Even staunch defenders of Charlie Whitehurst defend him mostly on grounds of principle. He didn't play enough to fail fully, but did fail when he played and more importantly, failed to unseat Matt Hasselbeck. That might be the ultimate arbiter of Whitehurst's fate. And now that Jeremy Bates is out, and Tom Cable and Darrell Bevell are in, Whitehurst is no longer prototypical either. Whitehurst will be expected to learn his third offense in as many seasons, and one he is not handpicked to succeed in. Though I do not think Whitehurst will be cut prematurely, I do think he is slated to be cut. I think Seattle wants a new developmental quarterback.
And I do think we're talking "developmental" quarterback, rather than quarterback "of the future." Maybe a franchise signal caller falls to Seattle at 25, but more than likely not, and with needs along the line and in the secondary, and quite a few talented fits likely available in the latter half of the first, I think the Seahawks are destined to sign a free agent quarterback, maybe Hasselbeck, and draft a developmental quarterback somewhere later in the draft.
Which isn't guaranteed stupidity. I mean, as infrequent as it seems, sometimes teams are able to select a developmental quarterback and actually develop that quarterback. Granted, not a single quarterback that finished in the top 20 in DYAR was drafted in the middle or late rounds and developed, beside of course Tom Brady, but I am willing to believe it is . . . possible? That would be the word. It isn't a sure waste of a pick, anyway.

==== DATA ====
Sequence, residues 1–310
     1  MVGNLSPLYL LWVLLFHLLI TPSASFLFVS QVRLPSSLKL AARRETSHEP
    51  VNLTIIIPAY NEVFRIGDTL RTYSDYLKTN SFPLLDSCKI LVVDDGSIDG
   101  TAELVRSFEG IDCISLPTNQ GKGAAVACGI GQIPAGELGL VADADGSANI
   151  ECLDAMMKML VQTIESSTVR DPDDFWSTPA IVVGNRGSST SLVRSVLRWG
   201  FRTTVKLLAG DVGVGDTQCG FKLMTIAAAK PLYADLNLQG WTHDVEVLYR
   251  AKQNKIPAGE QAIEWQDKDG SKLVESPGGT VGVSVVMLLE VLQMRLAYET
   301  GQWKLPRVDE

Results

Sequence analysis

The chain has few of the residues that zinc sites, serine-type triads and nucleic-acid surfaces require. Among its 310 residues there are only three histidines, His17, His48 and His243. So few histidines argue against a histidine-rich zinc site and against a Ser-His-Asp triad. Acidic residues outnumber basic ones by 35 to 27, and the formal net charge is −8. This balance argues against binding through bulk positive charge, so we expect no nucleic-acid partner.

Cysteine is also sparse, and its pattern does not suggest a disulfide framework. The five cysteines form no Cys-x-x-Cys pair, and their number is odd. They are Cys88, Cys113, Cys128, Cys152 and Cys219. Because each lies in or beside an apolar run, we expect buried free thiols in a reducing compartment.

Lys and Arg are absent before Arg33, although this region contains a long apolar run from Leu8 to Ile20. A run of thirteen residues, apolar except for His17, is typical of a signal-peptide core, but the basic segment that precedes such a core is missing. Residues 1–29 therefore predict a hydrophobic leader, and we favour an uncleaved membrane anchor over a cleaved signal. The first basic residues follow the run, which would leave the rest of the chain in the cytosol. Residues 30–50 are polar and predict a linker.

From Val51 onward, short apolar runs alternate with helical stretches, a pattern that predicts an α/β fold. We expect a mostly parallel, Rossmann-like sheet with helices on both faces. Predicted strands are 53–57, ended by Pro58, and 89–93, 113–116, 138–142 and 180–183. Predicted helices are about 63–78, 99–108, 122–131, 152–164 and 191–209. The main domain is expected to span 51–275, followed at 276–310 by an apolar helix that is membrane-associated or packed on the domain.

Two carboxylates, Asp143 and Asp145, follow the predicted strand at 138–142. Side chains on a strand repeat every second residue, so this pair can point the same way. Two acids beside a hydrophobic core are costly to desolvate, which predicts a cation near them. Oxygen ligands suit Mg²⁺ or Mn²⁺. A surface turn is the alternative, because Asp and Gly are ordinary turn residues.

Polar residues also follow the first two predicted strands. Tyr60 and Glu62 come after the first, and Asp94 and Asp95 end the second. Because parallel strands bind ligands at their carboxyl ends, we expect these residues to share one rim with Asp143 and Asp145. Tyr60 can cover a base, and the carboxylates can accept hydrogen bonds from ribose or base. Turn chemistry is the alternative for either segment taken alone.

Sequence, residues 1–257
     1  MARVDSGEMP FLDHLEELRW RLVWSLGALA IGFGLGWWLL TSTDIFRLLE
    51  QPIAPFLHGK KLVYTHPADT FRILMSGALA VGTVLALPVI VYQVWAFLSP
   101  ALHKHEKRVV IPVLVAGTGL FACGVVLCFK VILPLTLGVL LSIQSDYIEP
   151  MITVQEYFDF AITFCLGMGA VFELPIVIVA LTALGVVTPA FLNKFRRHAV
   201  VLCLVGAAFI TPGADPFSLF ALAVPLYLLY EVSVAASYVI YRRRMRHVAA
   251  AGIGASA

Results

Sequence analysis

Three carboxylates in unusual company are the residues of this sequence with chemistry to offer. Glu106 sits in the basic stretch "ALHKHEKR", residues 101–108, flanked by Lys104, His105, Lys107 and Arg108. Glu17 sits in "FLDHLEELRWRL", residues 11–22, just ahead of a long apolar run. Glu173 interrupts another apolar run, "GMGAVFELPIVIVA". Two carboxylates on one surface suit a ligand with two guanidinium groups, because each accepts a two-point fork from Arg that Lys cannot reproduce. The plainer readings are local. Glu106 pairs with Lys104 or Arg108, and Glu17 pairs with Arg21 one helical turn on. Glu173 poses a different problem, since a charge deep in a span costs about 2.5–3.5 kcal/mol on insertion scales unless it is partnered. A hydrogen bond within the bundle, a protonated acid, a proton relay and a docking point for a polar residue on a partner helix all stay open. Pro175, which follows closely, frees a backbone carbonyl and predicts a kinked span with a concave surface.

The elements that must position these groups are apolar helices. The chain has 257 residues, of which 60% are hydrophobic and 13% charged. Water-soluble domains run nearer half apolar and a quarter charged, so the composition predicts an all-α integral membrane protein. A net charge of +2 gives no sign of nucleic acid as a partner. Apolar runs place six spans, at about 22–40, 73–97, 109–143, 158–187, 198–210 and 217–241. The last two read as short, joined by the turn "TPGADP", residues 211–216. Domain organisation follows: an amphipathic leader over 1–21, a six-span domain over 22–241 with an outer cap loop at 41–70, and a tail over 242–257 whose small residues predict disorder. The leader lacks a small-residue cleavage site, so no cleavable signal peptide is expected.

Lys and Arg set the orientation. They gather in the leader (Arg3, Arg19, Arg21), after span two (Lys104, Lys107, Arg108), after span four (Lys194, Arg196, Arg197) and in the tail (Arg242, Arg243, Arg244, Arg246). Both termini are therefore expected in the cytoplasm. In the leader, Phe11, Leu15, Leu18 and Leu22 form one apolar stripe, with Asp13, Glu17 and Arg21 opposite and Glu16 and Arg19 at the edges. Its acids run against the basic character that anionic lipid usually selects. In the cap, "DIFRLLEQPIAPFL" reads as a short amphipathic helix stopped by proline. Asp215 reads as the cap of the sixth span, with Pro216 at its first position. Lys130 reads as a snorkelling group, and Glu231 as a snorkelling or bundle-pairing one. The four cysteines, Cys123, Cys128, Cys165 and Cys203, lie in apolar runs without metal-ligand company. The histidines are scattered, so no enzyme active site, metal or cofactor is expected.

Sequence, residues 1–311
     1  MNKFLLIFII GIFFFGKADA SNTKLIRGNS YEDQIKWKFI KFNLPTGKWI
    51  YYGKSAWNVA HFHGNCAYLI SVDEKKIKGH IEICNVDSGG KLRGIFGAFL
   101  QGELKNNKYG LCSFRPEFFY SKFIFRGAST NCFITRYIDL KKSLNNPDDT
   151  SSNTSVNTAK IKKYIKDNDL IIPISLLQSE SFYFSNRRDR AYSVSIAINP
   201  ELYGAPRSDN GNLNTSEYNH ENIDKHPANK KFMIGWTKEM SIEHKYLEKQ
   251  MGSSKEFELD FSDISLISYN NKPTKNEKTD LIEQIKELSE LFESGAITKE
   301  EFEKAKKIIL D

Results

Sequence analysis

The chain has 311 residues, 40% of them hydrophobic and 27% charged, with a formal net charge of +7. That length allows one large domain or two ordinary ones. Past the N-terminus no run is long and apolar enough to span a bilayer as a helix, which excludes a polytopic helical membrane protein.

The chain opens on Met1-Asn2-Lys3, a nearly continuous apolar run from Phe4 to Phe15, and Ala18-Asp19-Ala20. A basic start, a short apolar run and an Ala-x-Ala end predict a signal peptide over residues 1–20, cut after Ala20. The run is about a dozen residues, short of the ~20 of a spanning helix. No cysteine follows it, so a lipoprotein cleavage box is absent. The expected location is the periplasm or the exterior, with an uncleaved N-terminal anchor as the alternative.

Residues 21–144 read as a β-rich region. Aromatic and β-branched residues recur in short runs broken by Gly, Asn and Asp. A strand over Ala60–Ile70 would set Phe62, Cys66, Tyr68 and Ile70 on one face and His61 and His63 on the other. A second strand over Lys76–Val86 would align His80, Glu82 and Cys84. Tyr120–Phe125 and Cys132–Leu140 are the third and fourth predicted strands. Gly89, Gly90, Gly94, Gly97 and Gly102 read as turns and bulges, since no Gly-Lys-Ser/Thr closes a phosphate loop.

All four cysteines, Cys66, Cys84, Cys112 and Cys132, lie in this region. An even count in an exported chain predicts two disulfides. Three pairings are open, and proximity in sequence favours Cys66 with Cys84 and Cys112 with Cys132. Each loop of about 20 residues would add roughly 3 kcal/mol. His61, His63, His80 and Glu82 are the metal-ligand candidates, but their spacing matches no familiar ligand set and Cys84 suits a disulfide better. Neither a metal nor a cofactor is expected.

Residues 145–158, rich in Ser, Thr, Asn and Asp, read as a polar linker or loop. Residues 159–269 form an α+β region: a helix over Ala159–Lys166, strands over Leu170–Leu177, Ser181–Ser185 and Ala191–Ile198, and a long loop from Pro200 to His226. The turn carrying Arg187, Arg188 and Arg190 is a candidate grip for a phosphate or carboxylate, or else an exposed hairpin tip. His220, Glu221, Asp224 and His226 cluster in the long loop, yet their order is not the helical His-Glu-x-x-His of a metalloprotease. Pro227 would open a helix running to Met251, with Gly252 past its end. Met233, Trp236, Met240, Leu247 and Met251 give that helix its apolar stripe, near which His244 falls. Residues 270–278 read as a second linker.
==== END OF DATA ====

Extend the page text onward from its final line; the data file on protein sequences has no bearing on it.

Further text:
So who's it going to be? With Bates went the need for an athletic scrambler. I am at best speculating about Cable and Bevell's preferences, but a pocket passer that completes a high percentage of passes and above all doesn't make mistakes seems like the acknowledged complement to a run-first offense. Someone that can excel without being particularly flashy. Someone that doesn't kill you but isn't a dreaded game manager either.
After watching the Shrine Game and reading a bit about him, I think Seahawks fans should know the name "Pat Devlin." He will have to prove his arm strength through the pre-draft process, and that's no small thing. But it looks adequate to me, and adequate in an applicable way. Consider a pair of slight quarterbacks with decent arms: Mark Sanchez and Jimmy Clausen. Put them in a drill, and either can "make all the throws." Put some pressure on them, force them to move around, throw on the move, throw off their back foot, and that ability goes away. Devlin doesn't launch it, but he's tall, throws overhand, has easy velocity and versatile velocity -- to coin a phrase.
From what I saw, he is very accurate. He's calm, fluid, not any kind of scrambler but not lumbering, and throws a very catchable pass. Like most young quarterbacks, he's pretty much one-read, but, yeah, who cares? We're talking developmental quarterback here. If Devlin can make a solid pre-snap read and throw an accurate pass to that read, he's ahead of the game.
This isn't meant as a scouting report. I will fire those up soon enough. It's a chance to introduce a player that I think hits the sweet spot where need, fit and available resources meet. Don't buy that Devlin lacks upside because of his less than stellar tools. That's hogwash. People used to talk about how Ryan Leaf had greater upside than Peyton Manning. For a quarterback, accuracy, judgment and speed of decision making determines upside much more so than size, arm strength and foot speed. Devlin doesn't have the latter, but he could develop what abilities truly matter.